There is a certain art to putting a name on an educational activity. Workshop sessions, non-fiction books, and YouTube how-to videos all get a boost when their creators come up with catchy titles that pique the curiosity of the prospective audience and promise to satisfy. ■ Curiosity becomes currency in those situations where people have the freedom to choose among different experiences. And when a subject is already in circulation as a popular topic, it's a time-honored practice to find a "news hook" and latch an old topic to whatever is new and current. ■ In that sense, college professors -- often in an implicit contest against their peers to get the marginal student to register for a course (or even a major) that demonstrates the lecturer's value to the community -- can't truly be blamed for turning shameless about their class proposals. ■ That notwithstanding, some courses are clearly the academic equivalent of fan service: Not really expanding the frontiers of knowledge, but good for putting some churn through the registrar's office. And Harvard has one of those coming up in the spring: "English 183ts. Taylor Swift and Her World". ■ Swift is a huge cultural influence in 2023. She makes bundles of money -- maybe $4 billion on her "Eras" tour alone. Her music is played endlessly. She is the biggest name in attendance at NFL games. ■ But it costs $54,269 to pay for one year of Harvard undergraduate tuition (implying a value of about $5,000 for a three-semester-hour course), and a Taylor Swift-themed deep dive could be accomplished in an ambitious full-day seminar on a Saturday. Maybe it's all just a ploy, and the heavy hype of the class title is really just a ruse to lure registrations from students who don't realize they're really in for a whole lot of poetry with merely a veneer of Swiftie fandom. But that, too, would be a problem if it were really all that much bait-and-switch. ■ College should be at least some fun, and a good undergraduate course of study ought to include a couple of hours devoted to niche subjects. That makes us well-rounded. But niche doesn't have to drift into full-blown frivolity. Balance matters everywhere, and sometimes a song is just a song. Sober-minded people ought to try to keep it that way.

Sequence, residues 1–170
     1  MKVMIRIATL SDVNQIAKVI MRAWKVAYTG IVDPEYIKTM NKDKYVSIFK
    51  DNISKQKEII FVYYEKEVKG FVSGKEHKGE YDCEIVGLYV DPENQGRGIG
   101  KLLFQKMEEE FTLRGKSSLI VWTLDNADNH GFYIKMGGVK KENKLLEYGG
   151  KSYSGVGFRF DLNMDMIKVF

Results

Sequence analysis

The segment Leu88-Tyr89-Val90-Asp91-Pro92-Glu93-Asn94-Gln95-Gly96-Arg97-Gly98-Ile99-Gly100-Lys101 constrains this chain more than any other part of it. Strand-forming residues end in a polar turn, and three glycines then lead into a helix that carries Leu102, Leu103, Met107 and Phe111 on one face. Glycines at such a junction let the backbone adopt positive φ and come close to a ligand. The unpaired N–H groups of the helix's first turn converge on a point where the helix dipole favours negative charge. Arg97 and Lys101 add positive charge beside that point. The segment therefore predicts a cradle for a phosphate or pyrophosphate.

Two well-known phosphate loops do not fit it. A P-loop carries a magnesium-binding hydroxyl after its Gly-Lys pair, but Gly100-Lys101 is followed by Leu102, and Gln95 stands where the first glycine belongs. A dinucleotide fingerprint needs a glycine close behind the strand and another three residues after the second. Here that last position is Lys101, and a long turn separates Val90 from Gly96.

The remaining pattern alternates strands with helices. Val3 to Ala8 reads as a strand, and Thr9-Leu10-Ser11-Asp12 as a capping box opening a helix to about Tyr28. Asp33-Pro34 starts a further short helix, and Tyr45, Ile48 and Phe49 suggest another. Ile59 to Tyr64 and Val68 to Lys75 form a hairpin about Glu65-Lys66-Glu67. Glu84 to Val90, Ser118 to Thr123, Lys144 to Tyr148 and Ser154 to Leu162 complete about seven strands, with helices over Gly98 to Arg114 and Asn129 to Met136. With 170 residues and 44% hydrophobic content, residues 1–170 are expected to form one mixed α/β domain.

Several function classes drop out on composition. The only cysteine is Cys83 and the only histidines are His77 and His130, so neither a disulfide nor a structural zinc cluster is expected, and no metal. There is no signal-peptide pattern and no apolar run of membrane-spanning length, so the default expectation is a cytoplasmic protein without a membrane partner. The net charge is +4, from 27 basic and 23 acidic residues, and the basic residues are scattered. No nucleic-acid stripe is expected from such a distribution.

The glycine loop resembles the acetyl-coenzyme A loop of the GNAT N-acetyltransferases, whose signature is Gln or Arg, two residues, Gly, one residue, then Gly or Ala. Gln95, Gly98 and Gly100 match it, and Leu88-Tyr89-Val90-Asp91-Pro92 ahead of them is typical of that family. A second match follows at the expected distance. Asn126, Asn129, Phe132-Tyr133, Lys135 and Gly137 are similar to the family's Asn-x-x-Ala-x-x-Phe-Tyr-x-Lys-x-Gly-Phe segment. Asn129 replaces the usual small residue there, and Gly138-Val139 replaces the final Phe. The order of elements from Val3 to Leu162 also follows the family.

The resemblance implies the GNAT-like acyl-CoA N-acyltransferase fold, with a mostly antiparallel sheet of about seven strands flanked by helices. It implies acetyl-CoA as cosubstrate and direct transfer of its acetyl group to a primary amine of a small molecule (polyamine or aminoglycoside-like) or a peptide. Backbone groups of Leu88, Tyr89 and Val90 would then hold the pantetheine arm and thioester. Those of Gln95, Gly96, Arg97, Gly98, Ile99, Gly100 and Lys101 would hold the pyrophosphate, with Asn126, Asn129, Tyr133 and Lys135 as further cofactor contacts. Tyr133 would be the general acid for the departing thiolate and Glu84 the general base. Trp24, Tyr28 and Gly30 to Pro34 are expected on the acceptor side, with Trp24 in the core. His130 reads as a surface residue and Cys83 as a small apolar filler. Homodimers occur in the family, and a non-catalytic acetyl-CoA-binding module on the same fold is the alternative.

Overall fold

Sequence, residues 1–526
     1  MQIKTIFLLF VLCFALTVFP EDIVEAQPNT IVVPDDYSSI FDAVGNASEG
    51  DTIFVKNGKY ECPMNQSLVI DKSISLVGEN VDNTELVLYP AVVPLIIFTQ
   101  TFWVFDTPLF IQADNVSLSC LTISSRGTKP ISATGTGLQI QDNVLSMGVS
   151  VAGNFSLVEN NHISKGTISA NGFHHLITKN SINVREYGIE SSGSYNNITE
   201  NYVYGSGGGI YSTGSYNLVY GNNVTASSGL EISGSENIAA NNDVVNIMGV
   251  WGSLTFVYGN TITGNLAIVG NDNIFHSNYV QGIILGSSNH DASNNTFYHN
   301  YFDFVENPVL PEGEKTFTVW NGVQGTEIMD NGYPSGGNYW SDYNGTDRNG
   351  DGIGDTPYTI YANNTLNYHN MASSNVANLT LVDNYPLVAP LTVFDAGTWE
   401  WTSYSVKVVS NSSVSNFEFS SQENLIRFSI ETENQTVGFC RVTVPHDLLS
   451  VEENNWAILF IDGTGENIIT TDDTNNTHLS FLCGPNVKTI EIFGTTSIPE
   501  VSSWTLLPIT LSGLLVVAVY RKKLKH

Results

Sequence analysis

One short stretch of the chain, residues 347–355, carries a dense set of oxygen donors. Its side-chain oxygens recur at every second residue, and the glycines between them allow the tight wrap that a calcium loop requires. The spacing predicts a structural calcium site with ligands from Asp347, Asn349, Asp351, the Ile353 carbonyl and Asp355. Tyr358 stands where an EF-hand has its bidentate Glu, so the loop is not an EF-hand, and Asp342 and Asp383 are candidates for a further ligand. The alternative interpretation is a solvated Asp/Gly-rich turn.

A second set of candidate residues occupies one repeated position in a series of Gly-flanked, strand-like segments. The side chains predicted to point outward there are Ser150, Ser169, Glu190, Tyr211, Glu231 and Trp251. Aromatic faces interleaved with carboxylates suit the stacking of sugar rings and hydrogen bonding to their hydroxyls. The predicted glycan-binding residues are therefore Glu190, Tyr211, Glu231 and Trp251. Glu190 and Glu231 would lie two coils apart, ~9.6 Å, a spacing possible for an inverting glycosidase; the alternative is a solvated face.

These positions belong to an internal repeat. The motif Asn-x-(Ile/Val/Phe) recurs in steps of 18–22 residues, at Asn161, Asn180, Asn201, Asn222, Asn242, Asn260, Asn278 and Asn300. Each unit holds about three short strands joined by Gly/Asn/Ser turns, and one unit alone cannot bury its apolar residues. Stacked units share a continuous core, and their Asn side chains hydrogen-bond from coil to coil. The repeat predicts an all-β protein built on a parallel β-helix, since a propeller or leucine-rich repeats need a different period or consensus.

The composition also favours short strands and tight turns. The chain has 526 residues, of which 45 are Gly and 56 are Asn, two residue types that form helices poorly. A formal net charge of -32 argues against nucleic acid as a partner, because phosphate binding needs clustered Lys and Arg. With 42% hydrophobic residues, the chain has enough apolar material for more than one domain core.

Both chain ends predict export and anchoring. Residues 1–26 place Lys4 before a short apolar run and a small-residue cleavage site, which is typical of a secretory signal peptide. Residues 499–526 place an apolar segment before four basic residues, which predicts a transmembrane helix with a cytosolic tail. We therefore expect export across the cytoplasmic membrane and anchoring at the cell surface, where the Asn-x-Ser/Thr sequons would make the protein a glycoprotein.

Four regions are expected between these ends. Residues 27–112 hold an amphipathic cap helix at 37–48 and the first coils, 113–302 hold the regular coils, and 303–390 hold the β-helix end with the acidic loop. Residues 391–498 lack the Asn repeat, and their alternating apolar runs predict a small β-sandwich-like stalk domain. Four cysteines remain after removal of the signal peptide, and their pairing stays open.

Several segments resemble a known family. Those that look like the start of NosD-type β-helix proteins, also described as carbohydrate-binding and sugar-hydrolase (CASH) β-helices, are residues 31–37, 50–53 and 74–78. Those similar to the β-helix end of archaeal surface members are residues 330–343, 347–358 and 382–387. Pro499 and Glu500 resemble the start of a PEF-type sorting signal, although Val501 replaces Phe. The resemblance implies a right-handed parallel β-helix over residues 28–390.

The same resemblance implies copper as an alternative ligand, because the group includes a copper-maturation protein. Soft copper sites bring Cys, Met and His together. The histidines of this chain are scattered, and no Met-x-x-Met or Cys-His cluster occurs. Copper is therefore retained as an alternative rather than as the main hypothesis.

One of the most impressive displays at the Iowa State Fair each year is the collection of old tractors painstakingly restored by members of the FFA. Even dyed-in-the-wool city kids can appreciate the remarkable transformations performed on rusty old machines that end up looking quite literally as good as new. ■ The idea of working on one's own machinery is so deeply embedded in farming culture that tractor owners went to legal war with John Deere over the "right to repair" their own equipment. No manufacturer has a bigger brand in farming than Deere, but even they couldn't stop owners from securing a legal right to turn their own wrenches. ■ Computers are a different story. In their countless forms, they are ubiquitous in modern life -- and even though there's a lot that can be done on a smartphone, almost every American household has some kind of laptop or desktop computer (92% had at least one in 2018). ■ But computing skills don't extend very far into "right to repair" territory. Most people know how to do their specific tasks, many know how to conduct routine updates, and a few have the skills to dive into sophisticated settings. But almost nobody outside of a Linux users group knows anything about how to build an operating system. ■ This means that computer users are largely at the mercy of their operating system suppliers: Microsoft (with probably two-thirds of the personal computers in use), Apple in a distant second, with Google and various Linux teams far behind. Thus, it ought to be thunderous news that Microsoft has set an end-of-support date for Windows 10 on October 14, 2025. ■ In its own words, just 22 months from now, "Microsoft will no longer provide bug fixes for issues, security fixes for vulnerabilities, time zone updates, or technical support for problems that might occur." While Microsoft is offering updates to Windows 11, a huge number of computers don't meet the minimum hardware requirements to make the leap, and Microsoft's advice that "now is the time to transition to new PCs running Windows 11" is easier said than done. ■ This is bound to result in cybersecurity problems on a massive scale. Devices running operating systems outside of their supported service lives are a major known vulnerability, and the obsolescence of Windows 10 is bound to hit especially hard. That's because the computers that cannot make the leap to Windows 11 because of hardware limitations will tend to be in the hands of users who are less able to afford new machines. ■ The dangers are bound to be plentiful, and there isn't an obvious solution unless Microsoft reneges on its plan and decides to treat ongoing basic security support for Windows 10 as a matter of national cybersecurity infrastructure. But that's not their business model, and unless the Federal government intervenes -- perhaps with a "right to repair" for operating systems -- we're likely headed for some dangerous sailing ahead.